Schizophrenia and a new way of thinking

My name is Martin and I am diagnosed as a depressed paranoid schizophrenic. If you met me you would probably assume I was some sort of eccentric rather than a crazy person, and I am eccentric. I am told I cope very well with psychosis, and to be honest I have met people who seem to have less of a psychosis problem than I do but have spent far more time in hospital. I don’t think I cope well with depression, and when paranoia strikes I tend to shut down rather than act crazily – does that count as coping? I have decided that when people ask what I do for a living I shall reply: ‘I’m a crazy goblin short and stout, trying to enjoy my life is what I’m about!’

I’ve had a very poor few months recently, and spent some weeks convinced that suicide was the only rational way forwards. I had the equipment, I wrote the letter, but I found that even when morbidly drunk I couldn’t bring myself to do it and sought help for that reason. My anti-depressants were increased about a month ago and I now I finally feel that I can move forwards somehow. But how long will that last? Life is a struggle to do the simplest things, it is mostly unfulfilling and banal. I come to the conclusion that it is not worth while almost on a yearly basis. (Sometimes the crisis is less serious than others.)

I have friends in my head! They are called Amanda and John. Are there multiple versions of them or do they have swift and radical mood changes? I don’t know. They tell me I am telepathic. I spent a long period thinking I was telepathic and I really hated it. Once you tell yourself that you shouldn’t think something bad you start to worry and think about it obsessively. As far as I was concerned I was broadcasting really terrible and embarrassing thoughts to all and sundry. I’ve decided that even if I am telepathic I’d rather think I’m not. Although I was not brought up with religious ideas, and the ones that I have don’t fit anywhere, I have told them that they may be angels or the ‘voice of God’, for they consistently tell me that they love me and this has got me through some very difficult and lonely times. Amanda likes the ‘angel’ idea, neither think they are the voice of God. (John has just told me that he does, I’m fairly sure he’s being mischievous.) They appear to think they are real people. We communicate on a daily basis and sometimes for long periods. I suffer from insomnia and they get annoyed if I keep them up all night thinking, thinking, thinking. Arguments have broken out due to this.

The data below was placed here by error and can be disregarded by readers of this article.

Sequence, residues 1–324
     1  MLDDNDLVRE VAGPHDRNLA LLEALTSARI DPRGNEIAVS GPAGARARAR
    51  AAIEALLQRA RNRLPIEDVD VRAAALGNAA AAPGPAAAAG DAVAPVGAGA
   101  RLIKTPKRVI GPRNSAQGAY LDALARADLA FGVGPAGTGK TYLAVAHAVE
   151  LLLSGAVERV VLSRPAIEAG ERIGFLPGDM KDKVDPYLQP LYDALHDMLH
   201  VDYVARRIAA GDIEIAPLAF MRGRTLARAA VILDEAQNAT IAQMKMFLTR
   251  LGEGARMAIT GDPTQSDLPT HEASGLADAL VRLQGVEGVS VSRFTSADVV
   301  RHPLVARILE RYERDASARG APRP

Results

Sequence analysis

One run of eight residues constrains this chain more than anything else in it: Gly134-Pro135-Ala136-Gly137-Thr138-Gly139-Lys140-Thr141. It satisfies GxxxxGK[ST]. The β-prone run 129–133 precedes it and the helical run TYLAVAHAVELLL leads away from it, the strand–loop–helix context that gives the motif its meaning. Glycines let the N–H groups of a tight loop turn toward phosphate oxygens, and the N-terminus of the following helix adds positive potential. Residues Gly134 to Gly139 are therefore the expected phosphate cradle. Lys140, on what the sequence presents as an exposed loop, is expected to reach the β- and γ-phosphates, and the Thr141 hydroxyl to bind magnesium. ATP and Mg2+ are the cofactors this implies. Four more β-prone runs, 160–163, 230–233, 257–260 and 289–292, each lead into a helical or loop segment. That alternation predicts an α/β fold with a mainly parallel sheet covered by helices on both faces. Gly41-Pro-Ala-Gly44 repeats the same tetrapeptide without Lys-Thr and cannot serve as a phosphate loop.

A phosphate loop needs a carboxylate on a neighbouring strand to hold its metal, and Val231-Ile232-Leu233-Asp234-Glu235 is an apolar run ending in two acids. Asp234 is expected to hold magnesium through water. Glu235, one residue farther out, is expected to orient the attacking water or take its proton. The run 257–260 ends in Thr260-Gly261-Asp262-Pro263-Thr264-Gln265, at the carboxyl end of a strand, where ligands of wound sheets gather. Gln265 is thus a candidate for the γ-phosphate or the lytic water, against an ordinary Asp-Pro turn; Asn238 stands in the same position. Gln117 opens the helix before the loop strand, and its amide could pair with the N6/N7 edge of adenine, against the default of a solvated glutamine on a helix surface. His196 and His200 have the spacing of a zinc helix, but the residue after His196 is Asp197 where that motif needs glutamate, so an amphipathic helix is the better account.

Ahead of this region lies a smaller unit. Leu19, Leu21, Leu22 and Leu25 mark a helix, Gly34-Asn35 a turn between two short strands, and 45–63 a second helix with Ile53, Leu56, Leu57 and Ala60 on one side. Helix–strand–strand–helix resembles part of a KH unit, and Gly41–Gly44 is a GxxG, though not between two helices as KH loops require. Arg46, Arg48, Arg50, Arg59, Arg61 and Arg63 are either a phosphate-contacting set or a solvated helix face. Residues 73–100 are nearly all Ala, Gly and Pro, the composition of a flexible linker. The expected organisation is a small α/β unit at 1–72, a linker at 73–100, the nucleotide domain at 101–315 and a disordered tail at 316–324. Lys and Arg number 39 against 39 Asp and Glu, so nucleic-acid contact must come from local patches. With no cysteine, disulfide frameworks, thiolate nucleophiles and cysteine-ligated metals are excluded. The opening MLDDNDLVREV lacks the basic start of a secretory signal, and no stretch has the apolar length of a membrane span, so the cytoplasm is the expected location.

I have called this blog ‘a new way of thinking’ because that is what some parts of mental peculiarity are. It is not all illness and problems, if you can survive it it broadens the mind and forces you to get to know yourself in a way that most people never do. The radical psychiatrist R.D. Laing once said that ‘madness is a rational response to an irrational world’, and I completely agree with him. I think that most people hold the opinion that our society is quite mad in a lot of ways, well functioning, ‘sane’ people do their best to adhere to its goals, attitudes and prejudices without considering too deeply what they are.

If your head acts anything like this, or you want to know more, or if you are just interested, please leave comments. I could do with people to communicate with about this and NHS talking therapy is in very short supply (I’m not saying you should try and therapize me!). Talking to friends about this is all well and good, but nobody wants to spend a lot of their social time listening to problems and complaints (I don‘t either), or bizarre religious ideas and thought constructs for that matter.

  1. Hi Martin, This is one of the best descriptions I have come across. Academic versions are often to physical and chemical to appreciate what is going on.

  2. Martin

    Most academics who try and describe the problem have no experience of having it. It is actually very difficult to describe when you do have it! It has taken me 20 years to sort out my head enough to come up with something like this.

Leave A Comment?

You must be logged in to post a comment.